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The king of coiffing reveals the fall’s big hair trends

Sam McKnight

Nick McKnight/Handout

When it comes to creating iconic hairstyles, Sam McKnight is, if you'll pardon the pun, a cut above. Credited with creating such lasting looks as Princess Diana's slicked-back style, Agyness Deyn's blond crop and Madonna's Bedtime Stories cover, the in-demand mane maestro and Pantene Global Ambassador also lists Vogue, ELLE and Harper's Bazaar among his many clients.

At recent runway shows, McKnight oversaw hair direction for Dsquared2, Chanel, Balmain, Vivienne Westwood, Moschino Cheap and Chic, Blumarine and Mulberry. He recently chatted via telephone about what's new for hair this season, going green and how a large bag of wigs can solve a multitude of problems.

What are the big hair trends this fall?

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There are four main trends that emerged for fall. The first is what I call "future folk," which is a bit hippie and folksy. Next is "dress-up," a look that harkens back to the 1960s and has lots of volume; think dramatic beehives. Another trend that I worked with [at the shows] is "sleek technique," which is very technical and slick and is almost masculine. Finally, we have "easy chic," a perennial trend and sort of the go-to look of the decade. At Balmain and Blumarine, I did natural-looking hair that was tousled and shiny but not overly finished.

Is there anything that's definitely out this season?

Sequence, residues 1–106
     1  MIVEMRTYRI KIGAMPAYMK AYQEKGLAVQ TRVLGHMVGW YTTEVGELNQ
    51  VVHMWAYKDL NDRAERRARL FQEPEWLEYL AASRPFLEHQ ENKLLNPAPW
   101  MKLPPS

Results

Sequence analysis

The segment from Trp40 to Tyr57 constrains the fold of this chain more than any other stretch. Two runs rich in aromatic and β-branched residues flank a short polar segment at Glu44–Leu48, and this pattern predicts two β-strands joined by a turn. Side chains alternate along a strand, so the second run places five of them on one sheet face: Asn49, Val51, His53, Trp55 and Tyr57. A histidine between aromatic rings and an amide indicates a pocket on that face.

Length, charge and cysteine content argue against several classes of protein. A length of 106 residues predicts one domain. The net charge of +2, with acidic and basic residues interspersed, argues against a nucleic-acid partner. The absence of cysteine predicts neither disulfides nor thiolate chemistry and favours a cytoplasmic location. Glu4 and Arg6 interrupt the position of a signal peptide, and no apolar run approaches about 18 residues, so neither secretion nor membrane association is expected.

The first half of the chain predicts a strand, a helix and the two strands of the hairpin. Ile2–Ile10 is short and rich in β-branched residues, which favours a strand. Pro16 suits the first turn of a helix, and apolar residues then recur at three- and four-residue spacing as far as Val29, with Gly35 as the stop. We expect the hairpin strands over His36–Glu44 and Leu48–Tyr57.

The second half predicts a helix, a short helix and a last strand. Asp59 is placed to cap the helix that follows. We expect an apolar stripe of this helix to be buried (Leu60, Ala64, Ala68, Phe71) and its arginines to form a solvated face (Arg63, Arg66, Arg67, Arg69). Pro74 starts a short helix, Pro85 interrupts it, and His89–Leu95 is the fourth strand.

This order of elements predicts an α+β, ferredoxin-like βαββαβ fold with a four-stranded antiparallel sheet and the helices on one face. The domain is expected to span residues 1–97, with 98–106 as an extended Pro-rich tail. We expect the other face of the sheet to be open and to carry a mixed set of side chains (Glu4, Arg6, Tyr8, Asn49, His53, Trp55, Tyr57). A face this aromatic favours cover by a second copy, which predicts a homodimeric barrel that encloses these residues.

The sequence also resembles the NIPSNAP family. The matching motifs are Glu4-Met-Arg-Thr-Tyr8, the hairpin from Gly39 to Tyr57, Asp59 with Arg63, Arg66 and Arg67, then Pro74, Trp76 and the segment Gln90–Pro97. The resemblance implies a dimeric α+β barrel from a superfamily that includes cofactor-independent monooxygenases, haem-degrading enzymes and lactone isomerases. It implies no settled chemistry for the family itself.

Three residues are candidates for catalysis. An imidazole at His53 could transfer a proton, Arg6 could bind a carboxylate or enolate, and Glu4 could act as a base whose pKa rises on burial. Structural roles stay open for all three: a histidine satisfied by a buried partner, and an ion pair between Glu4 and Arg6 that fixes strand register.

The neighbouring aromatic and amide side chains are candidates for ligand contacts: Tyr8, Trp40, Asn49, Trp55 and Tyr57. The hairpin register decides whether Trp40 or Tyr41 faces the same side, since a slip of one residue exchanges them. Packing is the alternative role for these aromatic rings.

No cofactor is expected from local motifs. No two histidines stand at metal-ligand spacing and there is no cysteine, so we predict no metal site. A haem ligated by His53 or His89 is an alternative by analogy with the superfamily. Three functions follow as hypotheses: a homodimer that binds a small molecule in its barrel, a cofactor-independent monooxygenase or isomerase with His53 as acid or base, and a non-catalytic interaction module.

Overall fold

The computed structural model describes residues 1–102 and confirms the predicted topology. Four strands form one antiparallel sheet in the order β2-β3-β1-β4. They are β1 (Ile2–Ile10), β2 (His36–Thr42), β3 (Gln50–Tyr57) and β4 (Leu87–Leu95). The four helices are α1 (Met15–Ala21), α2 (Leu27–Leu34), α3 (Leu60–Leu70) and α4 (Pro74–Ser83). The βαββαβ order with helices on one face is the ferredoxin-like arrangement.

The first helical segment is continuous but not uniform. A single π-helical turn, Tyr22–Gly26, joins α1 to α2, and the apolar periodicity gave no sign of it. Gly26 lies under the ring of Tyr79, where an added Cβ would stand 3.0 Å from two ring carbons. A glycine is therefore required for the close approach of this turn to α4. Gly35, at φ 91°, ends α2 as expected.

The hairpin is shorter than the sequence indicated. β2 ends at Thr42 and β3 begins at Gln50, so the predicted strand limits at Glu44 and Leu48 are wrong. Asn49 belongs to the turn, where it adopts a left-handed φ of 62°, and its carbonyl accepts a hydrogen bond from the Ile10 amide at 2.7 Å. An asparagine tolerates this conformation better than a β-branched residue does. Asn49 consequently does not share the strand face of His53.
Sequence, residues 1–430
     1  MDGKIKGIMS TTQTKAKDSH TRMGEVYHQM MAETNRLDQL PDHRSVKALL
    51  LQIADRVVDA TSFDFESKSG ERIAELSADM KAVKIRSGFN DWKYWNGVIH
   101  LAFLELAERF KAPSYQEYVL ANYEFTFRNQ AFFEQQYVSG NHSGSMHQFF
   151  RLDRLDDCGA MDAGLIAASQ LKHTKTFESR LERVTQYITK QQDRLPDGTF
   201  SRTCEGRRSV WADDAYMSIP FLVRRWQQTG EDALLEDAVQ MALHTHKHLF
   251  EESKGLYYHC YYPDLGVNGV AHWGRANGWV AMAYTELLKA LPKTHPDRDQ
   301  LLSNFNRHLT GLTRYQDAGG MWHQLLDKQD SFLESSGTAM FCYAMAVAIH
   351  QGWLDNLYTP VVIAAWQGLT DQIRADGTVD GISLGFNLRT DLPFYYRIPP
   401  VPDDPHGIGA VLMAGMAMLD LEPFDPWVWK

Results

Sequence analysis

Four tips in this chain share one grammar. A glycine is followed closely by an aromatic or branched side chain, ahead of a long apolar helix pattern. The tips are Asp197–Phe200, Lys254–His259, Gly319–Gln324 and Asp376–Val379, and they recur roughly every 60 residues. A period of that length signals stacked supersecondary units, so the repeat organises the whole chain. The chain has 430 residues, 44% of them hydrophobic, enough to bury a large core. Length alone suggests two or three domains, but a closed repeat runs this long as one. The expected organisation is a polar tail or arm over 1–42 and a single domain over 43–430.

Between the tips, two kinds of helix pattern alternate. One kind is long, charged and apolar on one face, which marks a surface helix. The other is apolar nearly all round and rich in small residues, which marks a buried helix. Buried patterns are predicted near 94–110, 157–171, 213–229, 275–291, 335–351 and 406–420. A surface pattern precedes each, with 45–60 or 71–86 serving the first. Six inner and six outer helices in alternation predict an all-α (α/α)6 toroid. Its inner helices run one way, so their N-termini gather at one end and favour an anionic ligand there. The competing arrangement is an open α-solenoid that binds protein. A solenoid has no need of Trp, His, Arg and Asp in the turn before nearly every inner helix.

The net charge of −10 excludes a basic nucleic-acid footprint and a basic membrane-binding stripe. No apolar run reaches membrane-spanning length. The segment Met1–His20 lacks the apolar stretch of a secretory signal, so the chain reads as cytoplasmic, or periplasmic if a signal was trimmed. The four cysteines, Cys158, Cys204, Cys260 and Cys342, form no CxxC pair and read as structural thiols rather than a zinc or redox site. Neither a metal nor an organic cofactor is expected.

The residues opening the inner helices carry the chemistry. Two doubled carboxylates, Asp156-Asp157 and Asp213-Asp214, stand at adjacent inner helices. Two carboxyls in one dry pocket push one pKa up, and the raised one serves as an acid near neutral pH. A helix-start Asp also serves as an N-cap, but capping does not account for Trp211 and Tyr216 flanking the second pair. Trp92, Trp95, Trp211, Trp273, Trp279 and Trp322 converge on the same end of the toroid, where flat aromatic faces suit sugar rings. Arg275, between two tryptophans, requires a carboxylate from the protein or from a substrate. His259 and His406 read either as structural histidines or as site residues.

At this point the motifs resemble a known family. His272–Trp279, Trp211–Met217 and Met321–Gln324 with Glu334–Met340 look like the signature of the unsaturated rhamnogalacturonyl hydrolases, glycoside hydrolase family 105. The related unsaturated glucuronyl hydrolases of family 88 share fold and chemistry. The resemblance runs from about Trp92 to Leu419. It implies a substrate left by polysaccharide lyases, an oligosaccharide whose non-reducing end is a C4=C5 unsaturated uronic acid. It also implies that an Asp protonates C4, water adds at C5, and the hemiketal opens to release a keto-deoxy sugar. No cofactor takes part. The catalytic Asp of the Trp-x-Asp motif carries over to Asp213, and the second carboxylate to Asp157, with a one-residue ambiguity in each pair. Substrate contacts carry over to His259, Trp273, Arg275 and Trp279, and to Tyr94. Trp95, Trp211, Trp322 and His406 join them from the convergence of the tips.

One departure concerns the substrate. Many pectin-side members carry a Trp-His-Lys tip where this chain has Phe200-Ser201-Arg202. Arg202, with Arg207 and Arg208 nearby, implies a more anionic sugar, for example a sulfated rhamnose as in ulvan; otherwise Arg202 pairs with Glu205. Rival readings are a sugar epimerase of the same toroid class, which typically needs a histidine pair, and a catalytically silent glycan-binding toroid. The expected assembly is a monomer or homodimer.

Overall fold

You don't see as many curls around for fall. What is evident is a more controlled and defined curl that's slightly 1920s in feel.

Have curls had their moment?

They have been usurped by bobs and bangs and unusual colour this season. But they'll be back.

What do you mean by unusual colour?

I did [wigs that were] sharp, structured bobs in fake colours [pink, green and purple] for the latest Chanel resort show. And I recently did a shoot with bright red and yellow hair; it looked very chic.

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What's the most common request you receive from celebrities?

The thing I am asked for most across the board is versatility and volume. They want to be able to change from a sharp chignon to a voluminous blow out in an hour; it's not one look.

And that translates to real life, because women now are getting used to changing their look every day.

How can you create a voluminous look at home?

The trick is not to layer too much product, but to go with one light product that won't weigh down your hair. After washing your hair, gently sponge it dry with a towel from roots to ends, then [get into] the classic upside-down position and dry your hair starting from the nape of the neck and brushing downward. This will make your roots stand out and give the impression of loads of volume.

Who are your hair icons?

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At the moment, I'd say it's Lady Gaga. But looking back in history, I'd say Marilyn Monroe, Lauren Bacall and Linda Evangelista.

Special to The Globe and Mail This interview and has been edited and condensed.

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